Buster Keaton’s most remembered and technically accomplished feature films is, without a doubt, The General (featured in Volume 1 of the Buster Keaton Collection). If we are talking about innovation within the medium, however, few films have contributed quite so much as the accomplished Sherlock Jr., which is featured in Volume 2 alongside The Navigator, which displays Keaton’s endless creativity with slapstick and comedic timing. Sherlock Jr. is not only a great early slapstick film, it is one of the first films to really expand on the potential discovered in Georges Méliès’ ‘magic show’ shorts.
Sherlock Jr. features a movie projectionist who falls asleep and dreams that he is able to enter the movie screen. As the movie changes around him and he is forced to adjust to each new setting (his place in/on the screen never changing), it is one of the first great examples of utilizing match cuts for comedic purposes. And if subtlety isn’t as impressive to you, this is also the film that he fractured his neck on, speaking to extremes he was willing to go to in order to achieve a stunt.
This loveable loser projectionist is vying for the attention of a pretty girl (played by Kathryn McGuire), or ‘The Girl,’ as the credits list her. The projectionist/Buster’s advances are thwarted when ‘The Local Sheik’ (Ward Crane) frames him for theft so he can pursue ‘The Girl’ without competition. In his dreams, the projectionist imagines himself a cunning detective, able to solve the crime and clear his own name while dispatching the villain. Proving that the female characters didn’t always need to be saved, ‘The Girl’ solves the crime on her own in the real world.
Keeping the feminist theme continuing, The Navigator opens with Rollo Treadway (Keaton) proposing to his girlfriend, Betsy O’Brien (McGuire, again), only to have her turn him down in favor of independence. Angered, Rollo decides to sail away on a trip that was meant to be a honeymoon of sorts, only to discover that he has accidentally boarded a ship owned by Betsy’s father. After he is captured by spies, the ship is sent out to sea with only Betsy and Rollo onboard, leading to a hilariously timed bit where they are aware of each other’s presence, but can’t seem to find each other on the massive boat. What follows after that could be the precursor to the screwball comedy, as well as featuring the best of slapstick and Keaton’s ability to constantly innovate as he made films. The under-water sequences alone are a technical feat worth studying.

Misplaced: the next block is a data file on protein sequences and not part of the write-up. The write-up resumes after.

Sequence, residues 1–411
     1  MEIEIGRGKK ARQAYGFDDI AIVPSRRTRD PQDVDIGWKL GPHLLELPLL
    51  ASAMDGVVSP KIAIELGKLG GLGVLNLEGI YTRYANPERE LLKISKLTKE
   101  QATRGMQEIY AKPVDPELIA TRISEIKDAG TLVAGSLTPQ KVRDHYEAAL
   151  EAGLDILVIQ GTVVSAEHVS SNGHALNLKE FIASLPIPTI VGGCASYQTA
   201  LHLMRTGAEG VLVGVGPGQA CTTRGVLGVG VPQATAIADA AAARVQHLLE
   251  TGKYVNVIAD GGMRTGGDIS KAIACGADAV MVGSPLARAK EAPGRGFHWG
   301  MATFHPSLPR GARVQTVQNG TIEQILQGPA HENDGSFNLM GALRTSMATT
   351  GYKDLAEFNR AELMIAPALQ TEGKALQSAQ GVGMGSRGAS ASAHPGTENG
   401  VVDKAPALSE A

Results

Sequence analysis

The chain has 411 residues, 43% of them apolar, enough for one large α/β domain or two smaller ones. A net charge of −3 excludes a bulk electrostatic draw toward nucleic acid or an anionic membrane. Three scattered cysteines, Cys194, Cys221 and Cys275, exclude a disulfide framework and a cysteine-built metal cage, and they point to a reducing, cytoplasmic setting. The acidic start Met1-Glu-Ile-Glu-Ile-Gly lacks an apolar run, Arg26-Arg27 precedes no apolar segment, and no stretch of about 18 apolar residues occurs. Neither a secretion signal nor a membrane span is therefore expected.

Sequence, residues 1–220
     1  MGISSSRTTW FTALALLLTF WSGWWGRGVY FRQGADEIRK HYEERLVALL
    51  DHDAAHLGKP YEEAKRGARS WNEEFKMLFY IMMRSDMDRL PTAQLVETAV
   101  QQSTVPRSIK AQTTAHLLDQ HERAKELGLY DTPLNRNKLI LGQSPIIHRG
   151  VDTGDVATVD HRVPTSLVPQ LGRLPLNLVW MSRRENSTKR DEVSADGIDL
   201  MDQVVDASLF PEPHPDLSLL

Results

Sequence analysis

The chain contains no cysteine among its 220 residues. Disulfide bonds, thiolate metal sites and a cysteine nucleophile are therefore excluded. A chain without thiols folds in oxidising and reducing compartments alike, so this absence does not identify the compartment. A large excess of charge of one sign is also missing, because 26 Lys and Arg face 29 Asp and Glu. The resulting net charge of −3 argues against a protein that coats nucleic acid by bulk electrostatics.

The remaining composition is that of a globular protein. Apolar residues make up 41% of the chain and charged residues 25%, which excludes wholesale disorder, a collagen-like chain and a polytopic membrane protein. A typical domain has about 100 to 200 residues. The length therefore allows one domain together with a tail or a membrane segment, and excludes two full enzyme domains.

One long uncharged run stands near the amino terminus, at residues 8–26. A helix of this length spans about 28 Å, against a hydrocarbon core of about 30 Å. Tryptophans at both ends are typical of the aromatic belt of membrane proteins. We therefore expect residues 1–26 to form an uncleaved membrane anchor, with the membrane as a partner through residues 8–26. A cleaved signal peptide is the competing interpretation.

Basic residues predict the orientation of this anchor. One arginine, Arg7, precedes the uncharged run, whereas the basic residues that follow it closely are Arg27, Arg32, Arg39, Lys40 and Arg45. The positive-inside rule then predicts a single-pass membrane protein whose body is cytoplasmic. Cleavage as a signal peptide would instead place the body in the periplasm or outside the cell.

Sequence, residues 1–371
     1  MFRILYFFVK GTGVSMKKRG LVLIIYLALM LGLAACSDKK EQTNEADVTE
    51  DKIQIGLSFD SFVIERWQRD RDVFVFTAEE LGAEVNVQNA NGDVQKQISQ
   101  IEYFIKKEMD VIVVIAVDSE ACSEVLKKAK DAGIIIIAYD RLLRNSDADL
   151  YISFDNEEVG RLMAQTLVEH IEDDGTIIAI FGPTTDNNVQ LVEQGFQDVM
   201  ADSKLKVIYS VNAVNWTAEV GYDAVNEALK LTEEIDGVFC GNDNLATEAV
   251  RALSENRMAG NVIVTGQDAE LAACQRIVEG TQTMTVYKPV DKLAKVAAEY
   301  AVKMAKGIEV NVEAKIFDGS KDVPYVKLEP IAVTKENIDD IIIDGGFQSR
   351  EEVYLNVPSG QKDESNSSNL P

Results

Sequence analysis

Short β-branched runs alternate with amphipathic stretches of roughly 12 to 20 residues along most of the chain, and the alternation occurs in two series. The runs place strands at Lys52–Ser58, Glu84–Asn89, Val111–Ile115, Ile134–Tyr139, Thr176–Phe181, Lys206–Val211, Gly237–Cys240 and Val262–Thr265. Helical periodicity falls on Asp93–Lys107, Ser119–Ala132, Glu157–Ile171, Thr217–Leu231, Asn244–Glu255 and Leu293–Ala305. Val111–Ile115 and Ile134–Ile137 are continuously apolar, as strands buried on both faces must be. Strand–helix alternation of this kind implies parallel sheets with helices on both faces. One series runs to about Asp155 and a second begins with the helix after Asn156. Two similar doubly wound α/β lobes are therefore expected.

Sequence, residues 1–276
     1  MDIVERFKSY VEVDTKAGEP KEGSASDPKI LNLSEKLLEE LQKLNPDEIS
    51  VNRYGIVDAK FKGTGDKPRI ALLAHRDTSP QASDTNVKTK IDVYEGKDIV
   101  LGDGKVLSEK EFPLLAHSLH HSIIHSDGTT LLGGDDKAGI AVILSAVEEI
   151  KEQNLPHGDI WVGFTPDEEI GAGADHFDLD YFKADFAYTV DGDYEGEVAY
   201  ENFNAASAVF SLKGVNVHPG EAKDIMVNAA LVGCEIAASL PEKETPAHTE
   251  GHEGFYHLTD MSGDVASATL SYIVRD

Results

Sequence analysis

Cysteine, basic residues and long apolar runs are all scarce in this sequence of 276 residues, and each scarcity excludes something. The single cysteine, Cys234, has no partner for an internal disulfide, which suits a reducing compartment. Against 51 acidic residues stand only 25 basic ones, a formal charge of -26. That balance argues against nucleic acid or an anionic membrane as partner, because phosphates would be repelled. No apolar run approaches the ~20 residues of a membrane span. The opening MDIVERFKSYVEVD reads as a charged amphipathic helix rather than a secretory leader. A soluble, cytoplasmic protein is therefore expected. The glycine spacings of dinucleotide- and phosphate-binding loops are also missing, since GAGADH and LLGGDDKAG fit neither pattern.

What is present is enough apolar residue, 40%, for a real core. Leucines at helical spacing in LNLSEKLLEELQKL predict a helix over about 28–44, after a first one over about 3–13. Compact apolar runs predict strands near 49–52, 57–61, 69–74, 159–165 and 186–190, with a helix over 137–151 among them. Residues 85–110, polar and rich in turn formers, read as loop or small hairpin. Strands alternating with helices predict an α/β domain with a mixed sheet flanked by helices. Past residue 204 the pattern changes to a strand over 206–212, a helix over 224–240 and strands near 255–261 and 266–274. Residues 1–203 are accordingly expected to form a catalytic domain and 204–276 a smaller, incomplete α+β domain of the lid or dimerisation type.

There is no denying that these films are classics, but that is not a matter of debate when they are re-released. The question becomes more about the quality of the release, and expectations are even higher when they are on Blu-ray. Fans can rest assured that at the very least, this version is an improvement from the standard Kino release. The 4K restoration can’t fix everything from a film nearly 100 years old, but this is definitely the best available presentation thus far. All-new scores are also recorded for the presentation, but that is all a matter of preference. Sometimes I prefer the older scores, even when the quality of the film is not as impressive, though this version does the film justice.
Included on the same disc, these films together don’t leave a great deal of room for supplementary material. The extras do include two restoration trailers for the films, along with two behind-the-scenes featurettes. They are less than five-minutes each, however, and basically just have a bunch of interviews with people praising Keaton, as though he needs their validation. The restoration is vastly more impressive than the extras.
Entertainment Value: 8.5/10
Quality of Filmmaking: 10/10
Historical Significance: 10/10
Special Features: 2/10